(TibetanReview.net, Jul24’22) – Embarking on his initial public engagements since arriving in Ladakh on Jul 15 for rest and to give religious teachings as well as to be away from the high-level monsoon humidity of Dharamsala, the Dalai Lama on Jul 23 undertook pilgrimages to a Buddhist temple, two mosques of different sects and a Church in capital Leh. He is tentatively scheduled to stay in the Union Territory for around a month.
The spiritual leader of Tibet was welcomed at the Jokhang, the principal Buddhist Temple located in the centre of Leh, by Mr Thupten Chhewang, President of the Ladakh Buddhist Association and other local dignitaries. Apart from the Buddha, the temple contains statues of Manjushri, the Thousand Armed Avalokiteshvara, and Guru Padmasambhava.
Extending greetings to all those assembled in the Jokhang and in the courtyard outside as old friends with rock-solid bonds, the Dalai Lama spoke of his determination to continue contributing as much as he could to the flourishing of the Dharma for the benefit of all sentient beings. He advised the gathering that rather than going just by faith and prayers, it was very important that we study the Dharma, reflect on what we’ve learned and then put into practice what we’ve understood.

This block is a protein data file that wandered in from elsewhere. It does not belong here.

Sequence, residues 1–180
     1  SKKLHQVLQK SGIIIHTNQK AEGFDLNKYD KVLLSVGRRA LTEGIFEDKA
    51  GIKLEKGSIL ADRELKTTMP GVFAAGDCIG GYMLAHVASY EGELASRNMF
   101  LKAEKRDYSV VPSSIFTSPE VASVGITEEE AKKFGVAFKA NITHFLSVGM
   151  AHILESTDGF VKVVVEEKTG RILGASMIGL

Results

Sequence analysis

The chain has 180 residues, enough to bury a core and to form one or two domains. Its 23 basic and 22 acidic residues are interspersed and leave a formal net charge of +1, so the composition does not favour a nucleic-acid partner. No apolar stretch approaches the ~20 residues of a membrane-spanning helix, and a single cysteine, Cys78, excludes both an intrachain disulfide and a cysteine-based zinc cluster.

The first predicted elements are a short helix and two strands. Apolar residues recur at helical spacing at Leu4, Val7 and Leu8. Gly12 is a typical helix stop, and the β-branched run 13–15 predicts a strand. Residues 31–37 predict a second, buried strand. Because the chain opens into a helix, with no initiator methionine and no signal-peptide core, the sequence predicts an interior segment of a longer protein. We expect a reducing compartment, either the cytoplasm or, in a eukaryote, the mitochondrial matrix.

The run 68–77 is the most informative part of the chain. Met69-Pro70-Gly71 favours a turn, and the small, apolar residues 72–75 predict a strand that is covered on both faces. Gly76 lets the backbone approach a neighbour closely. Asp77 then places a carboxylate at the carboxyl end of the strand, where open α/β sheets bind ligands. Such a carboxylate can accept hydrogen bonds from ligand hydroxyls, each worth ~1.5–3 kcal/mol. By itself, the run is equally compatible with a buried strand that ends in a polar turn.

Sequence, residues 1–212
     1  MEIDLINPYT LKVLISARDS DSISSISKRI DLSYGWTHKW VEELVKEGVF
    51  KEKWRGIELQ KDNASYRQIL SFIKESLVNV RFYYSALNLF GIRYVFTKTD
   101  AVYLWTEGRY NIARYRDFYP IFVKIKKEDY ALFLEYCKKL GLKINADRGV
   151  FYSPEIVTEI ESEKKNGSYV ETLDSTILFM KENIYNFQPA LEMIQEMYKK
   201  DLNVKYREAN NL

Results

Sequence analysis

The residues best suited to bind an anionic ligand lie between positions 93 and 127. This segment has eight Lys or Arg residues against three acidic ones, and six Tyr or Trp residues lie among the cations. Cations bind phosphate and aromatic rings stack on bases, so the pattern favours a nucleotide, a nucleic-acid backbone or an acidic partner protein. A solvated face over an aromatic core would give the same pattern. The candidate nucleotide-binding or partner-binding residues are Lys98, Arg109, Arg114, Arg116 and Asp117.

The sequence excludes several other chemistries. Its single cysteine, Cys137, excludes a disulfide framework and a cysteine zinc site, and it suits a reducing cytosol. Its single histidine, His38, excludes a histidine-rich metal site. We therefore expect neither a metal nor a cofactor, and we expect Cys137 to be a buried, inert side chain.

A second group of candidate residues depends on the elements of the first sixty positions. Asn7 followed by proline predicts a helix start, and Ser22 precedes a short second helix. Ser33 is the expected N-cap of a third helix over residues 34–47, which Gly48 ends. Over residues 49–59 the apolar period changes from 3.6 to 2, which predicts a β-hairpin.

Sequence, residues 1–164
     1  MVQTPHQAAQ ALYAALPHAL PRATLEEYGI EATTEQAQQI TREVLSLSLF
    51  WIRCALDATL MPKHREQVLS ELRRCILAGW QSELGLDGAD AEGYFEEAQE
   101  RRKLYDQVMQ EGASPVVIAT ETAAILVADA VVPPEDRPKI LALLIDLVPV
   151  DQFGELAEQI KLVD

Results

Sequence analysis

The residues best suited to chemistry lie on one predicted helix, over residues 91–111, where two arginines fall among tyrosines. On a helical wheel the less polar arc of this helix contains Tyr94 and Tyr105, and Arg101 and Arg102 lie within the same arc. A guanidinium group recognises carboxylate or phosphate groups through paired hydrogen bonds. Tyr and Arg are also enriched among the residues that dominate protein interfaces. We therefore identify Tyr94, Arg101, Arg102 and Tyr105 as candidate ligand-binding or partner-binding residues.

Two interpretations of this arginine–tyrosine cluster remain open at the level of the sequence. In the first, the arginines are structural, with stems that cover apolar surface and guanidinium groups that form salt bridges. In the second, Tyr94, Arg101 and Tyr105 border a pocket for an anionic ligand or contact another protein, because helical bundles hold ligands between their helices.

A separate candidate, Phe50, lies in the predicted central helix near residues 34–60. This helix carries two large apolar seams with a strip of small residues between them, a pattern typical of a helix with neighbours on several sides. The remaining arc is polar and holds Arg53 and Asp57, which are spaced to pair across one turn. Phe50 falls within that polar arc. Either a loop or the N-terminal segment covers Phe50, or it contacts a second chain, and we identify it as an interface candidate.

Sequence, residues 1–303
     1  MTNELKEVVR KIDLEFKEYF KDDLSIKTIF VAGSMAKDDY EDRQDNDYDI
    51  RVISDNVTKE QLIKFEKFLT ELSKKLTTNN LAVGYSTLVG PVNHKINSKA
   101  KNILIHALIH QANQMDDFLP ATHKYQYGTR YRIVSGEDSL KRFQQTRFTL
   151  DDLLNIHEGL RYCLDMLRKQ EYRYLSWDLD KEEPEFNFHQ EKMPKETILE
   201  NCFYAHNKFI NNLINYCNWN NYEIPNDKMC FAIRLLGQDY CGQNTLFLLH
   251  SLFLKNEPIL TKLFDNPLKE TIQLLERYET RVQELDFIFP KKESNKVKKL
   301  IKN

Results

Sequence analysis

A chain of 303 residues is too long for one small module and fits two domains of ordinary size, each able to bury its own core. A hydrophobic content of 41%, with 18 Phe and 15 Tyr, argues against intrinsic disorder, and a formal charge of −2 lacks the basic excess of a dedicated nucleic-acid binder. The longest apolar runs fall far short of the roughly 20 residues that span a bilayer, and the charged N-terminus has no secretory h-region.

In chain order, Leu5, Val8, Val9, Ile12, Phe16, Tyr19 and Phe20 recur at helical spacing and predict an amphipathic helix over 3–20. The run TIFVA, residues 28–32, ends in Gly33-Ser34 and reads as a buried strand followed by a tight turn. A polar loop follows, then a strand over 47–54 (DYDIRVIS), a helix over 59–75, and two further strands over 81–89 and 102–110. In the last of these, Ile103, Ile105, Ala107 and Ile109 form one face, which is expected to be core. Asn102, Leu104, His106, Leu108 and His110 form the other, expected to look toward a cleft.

“We should study the Three Baskets, which comprise the words of the Buddha, and engage in the practice of the Three Trainings,” he told them.
Visiting the Jama Masjid, a Sunni Mosque, next, the Dalai Lama told the gathering there: “It is my practice to offer prayers at other people’s places of worship whenever I can. Since all religions convey a message of compassion (karuna), even though their philosophical views may differ, they are worthy of respect.”
He spoke of his association with people of Muslim faith since his childhood, saying: “I’ve been on friendly terms with Muslims since I was a child in Amdo. Later in Lhasa too I was friendly with the small community of Muslim traders who used to regularly attend official functions of the Tibetan Government. So here today I’m pleased to be meeting with Muslim brothers and sisters once again.”
At the Shia Mosque of Anjuman-e-Imamia next, his host recalled that it was His Holiness who inaugurated the Mosque in 2006, since which time the congregation had welcomed him back several times.
Different speakers praised His Holiness as a peace messiah and a harbinger of brotherhood. “Your presence here today,” one speaker declared, “sends a strong and much needed message of unity, peace and brotherhood among the different religious groups of Ladakh to the wider world.”
After that, His Holiness was welcomed at the Moravian Church with the singing of a song in appreciation of his contribution to peace and harmony in the world. The Dalai Lama said the warmth of the church’s welcome reminded him of “the many Christian brothers and sisters, scientists and religious leaders, such as the Polish Pope, John Paul II, among them, with whom I have made friends.”
He spoke of his admiration for the way Christians have shown kindness in helping poor and needy people the world over, as well as their contribution to world development, which he sees as reflecting a sense of the oneness of humanity.